Study: Texas women lag in health coverage, access
State’s rate of women without coverage was 24 percent last year.
About 1 in 4 Texas working-age women remain uninsured, and half said they struggled to pay medical bills or have skipped needed care because of cost, according to a new national health snapshot released Thursday.
In Texas, the rate of women without coverage was still 24 percent last year — nearly five times higher than the rate of uninsured women in New York and almost 1½ times higher than those in California, the new Commonwealth Fund’s 2016 Biennial Health Insurance Survey found.
Some of the differences among states can be explained because some states chose to expand Medicaid while Texas did not, but researchers said that doesn’t tell the whole story.
In Florida, another state that didn’t expand Medicaid, the uninsured rate was still lower, at 17 percent, than in Texas.
Overall, Texas continues to lead the nation in the number of uninsured residents.
There have been notable
national gains for women since the law known as Obamacare was fully implemented in 2014, especially when it became illegal for insurers to charge women higher premiums or deny them coverage outright simply based on gender, researchers found.
“To insurers, women’s gender was in effect a pre-existing condition that signaled the potential for higher health use and higher costs,” the Commonwealth study’s authors wrote.
In many states, including Texas, it was once common for a healthy, nonsmoking woman to pay more for a health plan than a man who was the same age and smoked, according to a separate 2012 study by the National Women’s Law Center.
Maternity coverage was also often elusive if not nonexistent. In Texas, of the 118 insurance plans offered to a 30-year-old woman in the individual market in 2012, zero came with maternity coverage, the National Law Center research found.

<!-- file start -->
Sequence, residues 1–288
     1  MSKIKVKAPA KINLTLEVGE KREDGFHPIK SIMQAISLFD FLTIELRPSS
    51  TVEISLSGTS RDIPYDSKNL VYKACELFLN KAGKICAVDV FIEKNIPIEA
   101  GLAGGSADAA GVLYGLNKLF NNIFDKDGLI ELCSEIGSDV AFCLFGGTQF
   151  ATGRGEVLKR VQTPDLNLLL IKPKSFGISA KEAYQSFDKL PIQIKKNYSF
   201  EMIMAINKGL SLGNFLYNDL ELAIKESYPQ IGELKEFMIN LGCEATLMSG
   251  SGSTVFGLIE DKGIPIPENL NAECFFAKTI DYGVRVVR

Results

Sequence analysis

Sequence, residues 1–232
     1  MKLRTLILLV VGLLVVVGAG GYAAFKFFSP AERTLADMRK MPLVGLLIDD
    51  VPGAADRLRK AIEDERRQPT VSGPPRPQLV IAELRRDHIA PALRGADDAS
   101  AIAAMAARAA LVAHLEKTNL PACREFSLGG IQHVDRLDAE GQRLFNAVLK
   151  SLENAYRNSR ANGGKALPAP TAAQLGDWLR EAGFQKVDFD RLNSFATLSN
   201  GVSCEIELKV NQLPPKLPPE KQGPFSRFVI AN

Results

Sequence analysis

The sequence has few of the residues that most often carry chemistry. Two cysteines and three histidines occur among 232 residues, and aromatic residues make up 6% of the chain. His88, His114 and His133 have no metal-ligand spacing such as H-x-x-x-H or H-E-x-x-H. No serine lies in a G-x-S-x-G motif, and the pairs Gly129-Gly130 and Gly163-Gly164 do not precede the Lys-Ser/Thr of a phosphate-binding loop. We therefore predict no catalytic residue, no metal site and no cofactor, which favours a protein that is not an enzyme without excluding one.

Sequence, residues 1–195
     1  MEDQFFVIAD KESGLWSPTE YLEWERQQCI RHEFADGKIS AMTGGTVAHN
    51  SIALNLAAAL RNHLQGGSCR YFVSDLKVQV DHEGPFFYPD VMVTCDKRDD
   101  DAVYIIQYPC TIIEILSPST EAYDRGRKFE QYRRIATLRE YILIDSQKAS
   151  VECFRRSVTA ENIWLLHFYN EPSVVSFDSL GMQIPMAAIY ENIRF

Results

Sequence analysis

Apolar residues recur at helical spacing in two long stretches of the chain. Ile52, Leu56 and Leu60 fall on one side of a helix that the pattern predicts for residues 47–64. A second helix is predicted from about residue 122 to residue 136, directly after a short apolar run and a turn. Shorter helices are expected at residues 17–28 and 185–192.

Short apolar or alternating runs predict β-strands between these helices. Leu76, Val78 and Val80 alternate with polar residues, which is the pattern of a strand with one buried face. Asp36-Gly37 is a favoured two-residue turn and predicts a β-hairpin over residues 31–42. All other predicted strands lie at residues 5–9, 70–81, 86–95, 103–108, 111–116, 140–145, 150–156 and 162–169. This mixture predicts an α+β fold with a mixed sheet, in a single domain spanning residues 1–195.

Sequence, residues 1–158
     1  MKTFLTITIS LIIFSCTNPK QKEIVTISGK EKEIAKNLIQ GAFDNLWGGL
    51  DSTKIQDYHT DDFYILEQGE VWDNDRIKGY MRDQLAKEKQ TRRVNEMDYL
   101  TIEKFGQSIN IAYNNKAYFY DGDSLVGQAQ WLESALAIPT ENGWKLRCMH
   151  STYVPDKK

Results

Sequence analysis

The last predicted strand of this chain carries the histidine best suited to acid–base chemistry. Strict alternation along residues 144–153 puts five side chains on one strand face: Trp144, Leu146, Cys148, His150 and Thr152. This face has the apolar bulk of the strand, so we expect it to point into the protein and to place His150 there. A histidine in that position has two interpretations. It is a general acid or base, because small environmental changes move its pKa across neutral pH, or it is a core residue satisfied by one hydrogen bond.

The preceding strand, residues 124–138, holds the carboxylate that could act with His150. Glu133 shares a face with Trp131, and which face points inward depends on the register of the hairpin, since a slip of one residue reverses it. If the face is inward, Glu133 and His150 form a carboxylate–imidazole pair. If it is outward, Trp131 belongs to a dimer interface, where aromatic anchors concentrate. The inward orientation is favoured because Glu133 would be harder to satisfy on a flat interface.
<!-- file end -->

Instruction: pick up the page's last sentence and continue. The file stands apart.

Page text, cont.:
Such coverage became a requirement in all individual plans under Obamacare. Critics have complained the inclusion not only has driven up premium prices for everyone, it is also inherently unfair to those who didn’t need it.
But Sara Collins, vice president for health care coverage and access at the Commonwealth Fund, said such complaints are based “on a myth.”
Maternity coverage raised premiums on average only about 4 percent while the potential harm to women and families would be dramatic. Without the requirement, out-of-pocket costs for families wanting to have babies could rise 1,000 to 3,000 percent depending on the type of delivery and how complicated it was, she said.
In 2010, the number of women ages 19 to 64 nationwide who lacked insurance coverage spiked to 20 percent or about 19 million. By 2016, the rate had dropped nationally to 11 percent.
But, amid such gains, Texas women still lag far behind their peers on many health care fronts.
Half of Texas women reported having trouble paying medical bills during the previous 12 months compared with 29 percent in California and 31 percent in New York, the Commonwealth research found.
Also, the study showed that 52 percent of Texas women had failed to fill a prescription, skipped a test or follow-up appointment, or didn’t get needed specialist care because of cost. That compares with a third of women in both California and New York and 46 percent in Florida.
“It points out the sad fact that we’re still way behind in caring for all of our population, particularly women,” said Jose Camacho, executive director and general counsel for the Texas Association of Community Health Centers, about the Commonwealth findings.
He called it a confluence of events that has hit women hard. Texas not only chose not to expand Medicaid to cover the state’s poor and near-poor residents but also, through legislative actions, chose to slash funding to family planning clinics in an effort to defund abortion. Many women lost their only access to health care.
“This is the picture of what comes eventually comes down the pike,” he said.